Brooklyn Nets Denounce Kyrie Irving For Endorsing A Video With Anti-Semitic Content
In a tweet, Tsai expressed her displeasure at Kyrie’s apparent endorsement of the film adaptation of a book full of antisemitic lies. It is terrible for a man of faith to preach hate based on race, nationality, or religion, and I want to have a conversation with him to make sure he understands how damaging this is to all of us.
Irving tweeted on Saturday that he is not anti-Semitic and that he did not mean any disrespect while making those comments.
On Saturday night, the NBA issued a statement condemning racism and all forms of bigotry in their various forms.
The NBA has issued a statement saying, “Hate speech of any type is unacceptable and runs contrary to the NBA‘s principles of equality, inclusion, and respect.” We will keep working with the entire NBA family to make sure everyone knows how their words and deeds affect others: “We think we all have a part to play in making sure that these words or ideas, especially those that are antisemitic, are challenged and opposed.”
I’m disappointed that Kyrie appears to support a film based on a book full of anti-semitic disinformation. I want to sit down and make sure he understands this is hurtful to all of us, and as a man of faith, it is wrong to promote hate based on race, ethnicity or religion.
— Joe Tsai (@joetsai1999) October 29, 2022
In an article published on Friday, Rolling Stone noted that Irving had endorsed a film called “Hebrews to Negroes: Wake Up Black America,” which is “packed with antisemitic tropes.”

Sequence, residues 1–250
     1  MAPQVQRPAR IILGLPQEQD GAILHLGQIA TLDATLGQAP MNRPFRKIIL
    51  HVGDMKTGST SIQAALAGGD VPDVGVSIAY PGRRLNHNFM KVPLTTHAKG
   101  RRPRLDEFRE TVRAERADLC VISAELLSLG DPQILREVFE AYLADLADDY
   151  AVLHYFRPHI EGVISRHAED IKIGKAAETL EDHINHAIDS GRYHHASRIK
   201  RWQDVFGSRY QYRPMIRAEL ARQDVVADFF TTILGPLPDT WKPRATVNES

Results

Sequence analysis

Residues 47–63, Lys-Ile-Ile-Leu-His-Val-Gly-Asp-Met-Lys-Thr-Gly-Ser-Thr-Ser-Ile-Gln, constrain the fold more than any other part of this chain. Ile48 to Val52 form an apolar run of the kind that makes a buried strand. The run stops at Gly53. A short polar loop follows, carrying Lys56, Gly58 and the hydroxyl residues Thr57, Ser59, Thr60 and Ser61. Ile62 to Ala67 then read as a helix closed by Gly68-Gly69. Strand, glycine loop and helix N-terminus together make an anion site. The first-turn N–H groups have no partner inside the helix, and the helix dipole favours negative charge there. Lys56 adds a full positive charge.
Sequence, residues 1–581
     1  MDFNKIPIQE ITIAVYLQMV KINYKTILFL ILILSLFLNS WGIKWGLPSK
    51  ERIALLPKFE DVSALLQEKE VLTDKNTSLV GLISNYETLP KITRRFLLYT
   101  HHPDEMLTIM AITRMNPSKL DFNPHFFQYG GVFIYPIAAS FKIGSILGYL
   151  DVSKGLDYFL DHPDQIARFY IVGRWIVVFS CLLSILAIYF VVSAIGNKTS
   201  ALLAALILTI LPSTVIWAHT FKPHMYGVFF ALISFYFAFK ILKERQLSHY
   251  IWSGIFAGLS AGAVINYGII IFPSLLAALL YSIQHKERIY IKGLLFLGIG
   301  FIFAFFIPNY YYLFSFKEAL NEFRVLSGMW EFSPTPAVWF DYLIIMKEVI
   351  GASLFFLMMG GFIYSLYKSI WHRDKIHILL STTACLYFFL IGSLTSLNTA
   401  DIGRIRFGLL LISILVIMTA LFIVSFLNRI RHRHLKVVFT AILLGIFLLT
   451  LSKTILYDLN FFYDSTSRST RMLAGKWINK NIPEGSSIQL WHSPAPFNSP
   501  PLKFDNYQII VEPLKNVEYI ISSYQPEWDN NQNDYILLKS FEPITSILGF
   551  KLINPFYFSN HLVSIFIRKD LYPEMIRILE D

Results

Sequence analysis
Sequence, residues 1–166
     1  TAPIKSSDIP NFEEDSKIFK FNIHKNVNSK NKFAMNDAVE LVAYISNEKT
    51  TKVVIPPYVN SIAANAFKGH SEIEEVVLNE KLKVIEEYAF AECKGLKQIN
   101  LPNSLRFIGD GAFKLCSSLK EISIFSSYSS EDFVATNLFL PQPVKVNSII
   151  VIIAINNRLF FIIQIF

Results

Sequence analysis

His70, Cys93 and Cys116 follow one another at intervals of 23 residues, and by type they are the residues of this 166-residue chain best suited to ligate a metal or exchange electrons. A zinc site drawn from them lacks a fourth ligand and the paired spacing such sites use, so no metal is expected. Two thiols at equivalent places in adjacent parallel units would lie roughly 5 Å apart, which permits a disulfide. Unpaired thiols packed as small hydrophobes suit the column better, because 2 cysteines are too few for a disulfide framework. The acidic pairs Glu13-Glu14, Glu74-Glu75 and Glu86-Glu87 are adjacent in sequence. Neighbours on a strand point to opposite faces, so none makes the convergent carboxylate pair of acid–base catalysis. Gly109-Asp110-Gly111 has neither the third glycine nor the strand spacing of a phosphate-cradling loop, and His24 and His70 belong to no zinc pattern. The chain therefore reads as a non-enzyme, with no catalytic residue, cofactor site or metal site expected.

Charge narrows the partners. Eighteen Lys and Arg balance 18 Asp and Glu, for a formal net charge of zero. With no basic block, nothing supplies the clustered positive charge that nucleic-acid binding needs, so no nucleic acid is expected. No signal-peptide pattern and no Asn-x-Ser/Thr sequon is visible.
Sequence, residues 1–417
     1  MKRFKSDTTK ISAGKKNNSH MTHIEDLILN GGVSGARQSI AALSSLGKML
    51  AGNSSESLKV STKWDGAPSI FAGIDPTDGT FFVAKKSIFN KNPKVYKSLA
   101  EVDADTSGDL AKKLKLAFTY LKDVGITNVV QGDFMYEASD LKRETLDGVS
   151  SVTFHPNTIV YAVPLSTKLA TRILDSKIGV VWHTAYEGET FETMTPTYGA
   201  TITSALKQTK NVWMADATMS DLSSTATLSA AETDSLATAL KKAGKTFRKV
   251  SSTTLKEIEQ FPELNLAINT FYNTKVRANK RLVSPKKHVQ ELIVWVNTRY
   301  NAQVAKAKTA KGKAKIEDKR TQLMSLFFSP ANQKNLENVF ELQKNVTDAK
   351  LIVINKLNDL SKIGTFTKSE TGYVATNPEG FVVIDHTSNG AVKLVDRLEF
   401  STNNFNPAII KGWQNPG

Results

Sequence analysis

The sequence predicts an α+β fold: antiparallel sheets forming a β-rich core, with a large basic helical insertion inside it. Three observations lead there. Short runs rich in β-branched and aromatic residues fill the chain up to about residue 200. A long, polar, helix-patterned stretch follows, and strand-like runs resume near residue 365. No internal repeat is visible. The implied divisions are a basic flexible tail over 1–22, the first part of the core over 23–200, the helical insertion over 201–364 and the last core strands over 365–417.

Irving tweeted on Thursday with a direct link to the film’s Amazon page. The movie, which came out in 2018, was based on the same-named book, which came out in 2015.
The Brooklyn Nets “strongly reject and have no tolerance for the promotion of any sort of hate speech,” the team stated in a statement on Friday. “To us, the first course of action in such circumstances is forthright communication. For their solidarity at this time, we are grateful to organizations like the Anti-Defamation League (ADL). ”
I am an OMNIST and I meant no disrespect to anyone’s religious beliefs. The “Anti-Semitic” label that is being pushed on me is not justified and does not reflect the reality or truth I live in everyday. I embrace and want to learn from all walks of life and religions.
— Hélà (@KyrieIrving) October 29, 2022
While he has yet to comment on the decision to promote the book and movie, Irving was there for Saturday’s shootaround and is scheduled to meet with the media following the game against the Indiana Pacers.
Joe Harris, a guard for the Nets, said he is “not aware” of the issues being raised about Irving. Harris reported that Irving seemed unfazed during Saturday’s walk-through, saying, “business as usual.”
Before their home game on Saturday night against the Pacers, head coach Steve Nash said that he supports the team’s statement and doesn’t think the situation will be a distraction for his players.
“I don’t think the situation has had much of an impact on our group. So many things have happened to us in the last two and a half years that I feel like we’ve developed some sort of immunity to them. ” According to what Nash had to say. “I don’t think our guys have a good grasp of the subject either. The team has made a strong statement about their values, and you’ll be able to hear from Kyrie when it’s his chance to speak, but until then, I think the players are trying to concentrate on the game. “